Review – Portugal. The Man Returned To Rip Red Rocks

 Nothing matches the effort it takes to see a show at Red Rocks Amphitheatre. It’s the ultimate reward after navigating and trekking the steep inclines of the famed venue. There’s no other venue like it, so it’s no wonder why it’s a milestone for musicians. You’d have to be extremely fortunate to get to the stage without putting in years of hard work. After last night’s performance, it’s clear to see how much Portugal. the Man deserved to be on that stage. 

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Openers, Parquet Courts at Red Rocks Amphitheatre.

It’s one thing to put on an extraordinary set as the closer, but it’s a different experience for the opener. The situation can go sour quickly if the band doesn’t deliver — but, this wasn’t the case for the night’s opener, Parquet Courts. The new-wave, punk-influenced band, which formed in 2010, set the tone for the night with quippy lyrics infused with a rebellious attitude that is at the forefront of the genre. Looking at their discography, t’s no wonder Portugal. The Man chose this particular band to open for them at such a revered venue. Up until 2018, the band released an album every year for six consecutive years dating back to 2013. With a work ethic that dedicated, a new album has to be in the works. For now, fans will have to wait, even more anxiously after their opening performance. 

Not long after Parquet Court’s set, Portugal. the Man appeared with a message of intention and gratitude. The band, which started their own non-profit foundation called Portugal. The Man Foundation — highlights the stories of Indigenous Peoples, while giving them a voice and platform to speak on issues affecting their communities. Before playing, the band introduced, Stronghold Society “a non-profit organization that advocates for skateboarding with a focus on creating and sustaining skateparks in Native American communities.”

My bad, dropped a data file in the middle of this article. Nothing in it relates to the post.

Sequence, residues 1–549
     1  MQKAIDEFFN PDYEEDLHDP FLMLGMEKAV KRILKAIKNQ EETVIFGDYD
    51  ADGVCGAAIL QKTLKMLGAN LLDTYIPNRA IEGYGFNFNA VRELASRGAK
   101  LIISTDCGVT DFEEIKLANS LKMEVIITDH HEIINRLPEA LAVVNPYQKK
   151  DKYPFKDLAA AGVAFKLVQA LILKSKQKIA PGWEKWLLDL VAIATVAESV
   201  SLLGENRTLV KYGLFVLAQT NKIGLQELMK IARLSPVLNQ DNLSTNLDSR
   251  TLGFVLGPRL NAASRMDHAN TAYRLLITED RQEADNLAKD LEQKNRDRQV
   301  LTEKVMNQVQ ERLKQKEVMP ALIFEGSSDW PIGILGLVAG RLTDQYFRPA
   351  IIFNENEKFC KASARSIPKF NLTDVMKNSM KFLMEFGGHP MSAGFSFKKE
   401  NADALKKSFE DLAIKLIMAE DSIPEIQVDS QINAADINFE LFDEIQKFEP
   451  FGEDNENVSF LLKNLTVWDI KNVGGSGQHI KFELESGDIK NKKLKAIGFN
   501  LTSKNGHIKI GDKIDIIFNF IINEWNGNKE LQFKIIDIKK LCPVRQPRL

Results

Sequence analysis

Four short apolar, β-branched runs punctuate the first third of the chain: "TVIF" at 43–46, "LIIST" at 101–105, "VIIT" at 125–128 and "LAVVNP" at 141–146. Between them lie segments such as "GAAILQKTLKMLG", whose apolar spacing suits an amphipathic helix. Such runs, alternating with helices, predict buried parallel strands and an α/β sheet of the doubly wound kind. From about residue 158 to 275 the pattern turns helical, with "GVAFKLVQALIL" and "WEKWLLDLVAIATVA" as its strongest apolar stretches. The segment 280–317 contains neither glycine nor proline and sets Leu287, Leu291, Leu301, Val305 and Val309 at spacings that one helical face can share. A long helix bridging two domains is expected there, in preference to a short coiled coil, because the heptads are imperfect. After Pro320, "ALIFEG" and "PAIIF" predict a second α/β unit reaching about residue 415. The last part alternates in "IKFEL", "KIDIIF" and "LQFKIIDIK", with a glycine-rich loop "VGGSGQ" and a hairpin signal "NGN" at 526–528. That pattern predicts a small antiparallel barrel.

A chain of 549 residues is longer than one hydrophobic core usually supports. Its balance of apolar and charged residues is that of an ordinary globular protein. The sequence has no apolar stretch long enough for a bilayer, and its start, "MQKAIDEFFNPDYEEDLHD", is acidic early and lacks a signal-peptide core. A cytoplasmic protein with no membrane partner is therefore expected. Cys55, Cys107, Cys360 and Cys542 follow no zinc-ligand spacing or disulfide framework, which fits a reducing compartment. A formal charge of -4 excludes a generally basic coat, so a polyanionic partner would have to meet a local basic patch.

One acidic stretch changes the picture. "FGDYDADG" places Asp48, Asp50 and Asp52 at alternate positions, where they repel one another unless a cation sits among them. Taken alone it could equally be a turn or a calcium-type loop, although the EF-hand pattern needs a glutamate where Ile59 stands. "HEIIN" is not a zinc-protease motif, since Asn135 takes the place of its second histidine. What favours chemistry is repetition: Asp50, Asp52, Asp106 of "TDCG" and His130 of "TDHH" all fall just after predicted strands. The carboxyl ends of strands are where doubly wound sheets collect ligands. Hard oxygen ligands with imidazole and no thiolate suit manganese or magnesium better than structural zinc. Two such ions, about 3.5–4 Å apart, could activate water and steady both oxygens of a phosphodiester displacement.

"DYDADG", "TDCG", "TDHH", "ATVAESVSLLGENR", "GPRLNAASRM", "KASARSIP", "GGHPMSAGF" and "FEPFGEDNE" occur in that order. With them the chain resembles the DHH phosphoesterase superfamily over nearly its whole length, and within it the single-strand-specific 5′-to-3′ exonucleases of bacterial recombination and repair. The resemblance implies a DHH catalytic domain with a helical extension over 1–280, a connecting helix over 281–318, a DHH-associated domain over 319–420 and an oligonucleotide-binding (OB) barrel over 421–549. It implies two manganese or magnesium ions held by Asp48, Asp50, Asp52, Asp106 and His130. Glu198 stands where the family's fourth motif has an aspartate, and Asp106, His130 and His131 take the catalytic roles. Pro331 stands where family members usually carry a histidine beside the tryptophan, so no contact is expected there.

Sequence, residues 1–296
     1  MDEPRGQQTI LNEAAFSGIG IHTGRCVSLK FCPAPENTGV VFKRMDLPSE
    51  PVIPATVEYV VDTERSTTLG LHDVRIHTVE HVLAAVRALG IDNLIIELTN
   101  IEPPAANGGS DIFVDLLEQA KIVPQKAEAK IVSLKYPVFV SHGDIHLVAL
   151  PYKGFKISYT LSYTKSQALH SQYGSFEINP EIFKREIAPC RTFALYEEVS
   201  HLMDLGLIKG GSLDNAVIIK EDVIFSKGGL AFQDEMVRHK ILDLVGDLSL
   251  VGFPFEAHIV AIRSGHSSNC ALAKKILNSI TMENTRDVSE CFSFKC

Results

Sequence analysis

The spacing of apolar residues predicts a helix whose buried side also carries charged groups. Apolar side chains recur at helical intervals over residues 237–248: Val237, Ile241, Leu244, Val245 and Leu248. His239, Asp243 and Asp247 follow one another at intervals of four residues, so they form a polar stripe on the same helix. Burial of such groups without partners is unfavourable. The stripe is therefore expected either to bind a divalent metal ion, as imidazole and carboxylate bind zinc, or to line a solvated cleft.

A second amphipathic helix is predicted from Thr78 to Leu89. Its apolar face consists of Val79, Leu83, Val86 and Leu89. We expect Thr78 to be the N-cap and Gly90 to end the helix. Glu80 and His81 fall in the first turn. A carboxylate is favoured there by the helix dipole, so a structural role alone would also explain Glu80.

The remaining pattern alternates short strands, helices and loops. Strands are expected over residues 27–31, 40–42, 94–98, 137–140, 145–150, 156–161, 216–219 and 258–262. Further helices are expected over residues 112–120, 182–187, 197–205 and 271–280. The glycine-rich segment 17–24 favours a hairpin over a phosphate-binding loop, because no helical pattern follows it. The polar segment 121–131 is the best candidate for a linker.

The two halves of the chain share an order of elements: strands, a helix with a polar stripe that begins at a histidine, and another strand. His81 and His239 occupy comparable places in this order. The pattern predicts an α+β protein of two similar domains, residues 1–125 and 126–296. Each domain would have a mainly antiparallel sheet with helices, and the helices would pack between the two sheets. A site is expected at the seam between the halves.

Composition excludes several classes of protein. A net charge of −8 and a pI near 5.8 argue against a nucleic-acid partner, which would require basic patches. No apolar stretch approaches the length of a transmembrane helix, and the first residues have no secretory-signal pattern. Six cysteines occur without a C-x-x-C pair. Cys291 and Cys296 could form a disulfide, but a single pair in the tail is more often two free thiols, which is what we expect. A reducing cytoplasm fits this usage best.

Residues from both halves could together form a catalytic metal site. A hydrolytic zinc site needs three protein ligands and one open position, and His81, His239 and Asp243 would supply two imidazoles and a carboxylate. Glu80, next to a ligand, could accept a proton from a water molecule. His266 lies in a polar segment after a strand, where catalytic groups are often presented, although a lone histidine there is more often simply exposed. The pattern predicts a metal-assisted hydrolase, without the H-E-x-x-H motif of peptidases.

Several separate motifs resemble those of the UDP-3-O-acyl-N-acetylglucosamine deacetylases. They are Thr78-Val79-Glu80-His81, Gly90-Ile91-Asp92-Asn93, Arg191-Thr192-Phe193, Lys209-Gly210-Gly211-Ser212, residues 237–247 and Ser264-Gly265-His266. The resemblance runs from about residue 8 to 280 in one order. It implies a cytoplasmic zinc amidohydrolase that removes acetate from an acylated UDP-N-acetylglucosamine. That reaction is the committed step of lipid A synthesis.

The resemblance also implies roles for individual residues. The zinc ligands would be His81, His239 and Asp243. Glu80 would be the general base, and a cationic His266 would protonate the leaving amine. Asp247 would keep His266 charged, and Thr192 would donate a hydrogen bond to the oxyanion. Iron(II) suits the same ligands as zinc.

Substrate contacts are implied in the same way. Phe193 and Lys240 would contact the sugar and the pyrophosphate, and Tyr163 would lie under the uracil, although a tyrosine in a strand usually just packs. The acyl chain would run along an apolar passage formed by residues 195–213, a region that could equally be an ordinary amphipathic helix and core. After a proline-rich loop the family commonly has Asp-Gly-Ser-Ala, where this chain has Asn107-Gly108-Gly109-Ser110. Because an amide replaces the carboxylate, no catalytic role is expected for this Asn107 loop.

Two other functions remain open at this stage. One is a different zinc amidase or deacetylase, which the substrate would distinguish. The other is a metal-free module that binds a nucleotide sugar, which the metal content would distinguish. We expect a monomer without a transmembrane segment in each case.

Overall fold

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Portugal. The Man live at Red Rocks Amphitheatre.

Various members of the non-profit — all who were members of Indigenous communities, reminded the audience how special the land shared with the venue is and how it should not only be enjoyed but respected by everyone. Shortly after a brief music circle, the Stronghold Society members stepped to the side but not away, joining the band with their own instruments and providing an ensemble of 14 performers.

With that many people on stage, coordination and communication must be impeccable. Despite claims of disorganization in their communication byway of bassist and singer, Zachary Carothers, the 14-person band was astounding. Not only that but their light show was incredibly meticulous as they played. That said, there was no shortage of authenticity and creativity in the band’s set. Likewise, there were few interruptions or conversations. Whether you were a first-time listener or long-time fan, Portugal. the Man went out of their way to make their audience feel comfortable. After all, who doesn’t know a Metallica, Slayer or Nirvana song?

Portugal. The Man, live music

Bassist and singer Zachary Carothers.

The group started their set with music made by those previously mentioned and continued covers throughout the night. From The Beatles’ “Hey, Jude” to Charlie Kelly’s “The Dayman” the changes and smooth transitions kept the crowd on their toes, leaving many die-hards curious about what they’d play next. “Modern Jesus” turned to “Moonage Daydream” while “Brick in the Wall” blended into “Purple Yellow Red and Blue” and “Atomic Man” shifted into a timely cover of The Rolling Stones’ “Gimme Shelter.” You couldn’t dream of a more exciting set from one band.

When all was said and done, many will try, but few will prevail as successfully as Portugal. The Man. With poetic lyrics, killer music and a desire to put themselves behind a meaningful cause, it’s nothing short of a mistake to  miss Portugal. the Man when they come to town. 

All Photography by David Cohn